Double My Impact? Really?

Double My Impact? Really?

It is that time of year again: "Donate now and double your impact" or "Time is running out to triple your impact." Every Giving Tuesday I am inundated with emails claiming that if I donate today, my impact will be doubled.  This is pure mumbo jumbo.

The claim is that the charity has found one donor who is willing to give them up to $10,000 (or $200,000, or whatever) on the stipulation that other donors will also donate, matching their gift.  Wait, no, I’ve got that backwards. Or do I? The claim they told ME was that if I donate today, another donor will give the same amount (up to $10,000…or whatever) thus doubling the impact of MY donation.

This is the first problem with this mumbo-jumbo. Who is getting the doubling effect?  Are we both magically getting the doubling and it’s turning into four times the donation?  No, that wouldn’t work, I'm confused.

One of the emails actually mentioned the name of a business that had promised the matching gift – so I guess the offer to them was not only that others would donate too, but the business would get advertising for their donation…but I digress.

Another issue with these claims is understanding the counterfactual – what would have happened otherwise. Whenever charities report on the outcomes they achieve, it is important to know what would have happened without the charity’s involvement so that donors can understand the difference made by the charitable program.

In each of the emails sent to me, it is clear that the matching donor has set a threshold that they are willing to donate up to. It’s certainly possible that these are stretch goals – the charity may not reach the matching level; however, the initial donor is willing to donate (likely has in their giving budget) the matching level. Even if nobody donated to the matching program, it is highly likely that the original donor would donate most, if not all, of their designated funds to either the charity involved or to another charity.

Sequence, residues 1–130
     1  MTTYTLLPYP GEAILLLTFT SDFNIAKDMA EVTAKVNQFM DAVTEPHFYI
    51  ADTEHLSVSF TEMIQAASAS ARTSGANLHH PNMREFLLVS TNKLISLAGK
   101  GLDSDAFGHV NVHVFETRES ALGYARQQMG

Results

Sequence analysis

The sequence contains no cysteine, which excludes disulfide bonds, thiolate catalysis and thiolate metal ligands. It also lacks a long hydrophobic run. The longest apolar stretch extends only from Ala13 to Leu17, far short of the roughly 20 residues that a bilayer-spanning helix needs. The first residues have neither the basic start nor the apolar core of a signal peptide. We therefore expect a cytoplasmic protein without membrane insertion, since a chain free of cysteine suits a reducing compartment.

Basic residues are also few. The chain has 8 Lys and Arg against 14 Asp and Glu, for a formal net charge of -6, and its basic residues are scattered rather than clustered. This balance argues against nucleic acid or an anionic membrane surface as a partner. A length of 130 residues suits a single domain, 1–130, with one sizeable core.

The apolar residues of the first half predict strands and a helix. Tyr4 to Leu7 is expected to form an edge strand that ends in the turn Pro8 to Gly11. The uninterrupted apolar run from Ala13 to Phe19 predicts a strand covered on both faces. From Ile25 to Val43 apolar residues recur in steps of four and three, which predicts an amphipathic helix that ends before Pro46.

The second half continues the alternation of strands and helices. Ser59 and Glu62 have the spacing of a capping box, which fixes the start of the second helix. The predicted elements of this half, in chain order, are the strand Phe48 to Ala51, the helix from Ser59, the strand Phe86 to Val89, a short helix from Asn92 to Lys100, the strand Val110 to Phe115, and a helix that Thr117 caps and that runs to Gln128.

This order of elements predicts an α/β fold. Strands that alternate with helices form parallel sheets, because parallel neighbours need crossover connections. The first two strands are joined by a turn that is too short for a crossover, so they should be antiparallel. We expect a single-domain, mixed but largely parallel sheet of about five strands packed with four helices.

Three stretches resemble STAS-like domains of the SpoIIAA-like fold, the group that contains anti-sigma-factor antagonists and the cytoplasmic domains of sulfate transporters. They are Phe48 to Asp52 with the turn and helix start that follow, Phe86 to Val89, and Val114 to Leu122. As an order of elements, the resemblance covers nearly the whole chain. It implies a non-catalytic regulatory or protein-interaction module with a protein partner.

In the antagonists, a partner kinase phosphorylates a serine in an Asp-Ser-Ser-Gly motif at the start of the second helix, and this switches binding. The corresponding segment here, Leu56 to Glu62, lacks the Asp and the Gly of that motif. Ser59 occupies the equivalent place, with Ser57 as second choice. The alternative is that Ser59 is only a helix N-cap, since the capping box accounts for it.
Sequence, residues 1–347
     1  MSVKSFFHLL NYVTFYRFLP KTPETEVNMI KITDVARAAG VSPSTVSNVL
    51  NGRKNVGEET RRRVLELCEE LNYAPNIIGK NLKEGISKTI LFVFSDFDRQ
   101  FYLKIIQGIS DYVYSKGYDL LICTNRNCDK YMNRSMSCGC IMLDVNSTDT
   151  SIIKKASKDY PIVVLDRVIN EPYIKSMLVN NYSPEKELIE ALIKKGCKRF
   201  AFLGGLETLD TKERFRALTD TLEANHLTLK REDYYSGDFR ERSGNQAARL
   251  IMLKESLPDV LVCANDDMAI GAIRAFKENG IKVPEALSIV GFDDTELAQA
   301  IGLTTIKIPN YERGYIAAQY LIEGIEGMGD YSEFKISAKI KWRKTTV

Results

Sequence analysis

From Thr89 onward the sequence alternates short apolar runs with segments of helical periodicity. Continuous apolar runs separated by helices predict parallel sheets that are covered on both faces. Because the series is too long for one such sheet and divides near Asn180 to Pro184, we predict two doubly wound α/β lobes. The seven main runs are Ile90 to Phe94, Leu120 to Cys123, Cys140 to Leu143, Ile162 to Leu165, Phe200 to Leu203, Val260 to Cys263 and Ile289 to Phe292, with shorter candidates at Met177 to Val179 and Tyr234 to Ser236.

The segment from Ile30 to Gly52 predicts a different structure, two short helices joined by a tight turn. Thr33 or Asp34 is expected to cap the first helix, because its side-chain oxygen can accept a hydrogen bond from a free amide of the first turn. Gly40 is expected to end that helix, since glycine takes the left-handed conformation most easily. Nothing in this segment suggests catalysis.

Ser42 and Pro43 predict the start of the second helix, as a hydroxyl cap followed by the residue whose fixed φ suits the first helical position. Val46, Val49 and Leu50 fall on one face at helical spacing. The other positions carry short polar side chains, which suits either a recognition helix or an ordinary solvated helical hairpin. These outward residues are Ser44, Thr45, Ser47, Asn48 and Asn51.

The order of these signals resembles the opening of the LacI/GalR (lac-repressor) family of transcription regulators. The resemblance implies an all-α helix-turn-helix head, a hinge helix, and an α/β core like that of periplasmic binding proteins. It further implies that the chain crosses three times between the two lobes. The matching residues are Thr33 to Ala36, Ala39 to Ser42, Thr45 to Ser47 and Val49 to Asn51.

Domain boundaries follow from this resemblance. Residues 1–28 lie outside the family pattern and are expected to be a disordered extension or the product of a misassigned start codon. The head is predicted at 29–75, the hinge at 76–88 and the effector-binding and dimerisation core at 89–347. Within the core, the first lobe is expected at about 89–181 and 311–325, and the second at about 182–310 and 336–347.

So, while any individual donor’s donation appears to be “doubled”, the counterfactual is that the matching donor’s funds would, in most cases, have gone to that, or another charity.  There is very little additional funding coming in due to the claimed matching.

While each of these previous arguments are, to me at least, good reasons to not put much stock in “matching” gifts as a reason to give, the final argument is really the only one that matters. There is no increase in the impact of YOUR donation because someone else also donated to a charity.

This is like saying that you can get twice the taste sensation out of your ice cream cone because someone else also bought one. Somehow their taste sensation gets transferred to you so you get twice as much and they get…what?  If you are getting twice the impact on your dollar, what is the original donor getting?  Apparently nothing – not one sweet taste of butter pecan. Your donation dollar helps provide some change and the original donor’s donation provides the same amount. You can’t be greedy and claim their portion too.

Many major (and not-so-major) charities are confusing donors with this, trying to get us to be either the matcher or the matched - and in some cases both have their donation doubled! They’re not fooling me with this gobbledy-gook. I hope others will also see the horrible flaws in this attempt to show “impact” and we can get on with discussing the actual (no multiplier needed) impact of our donations.



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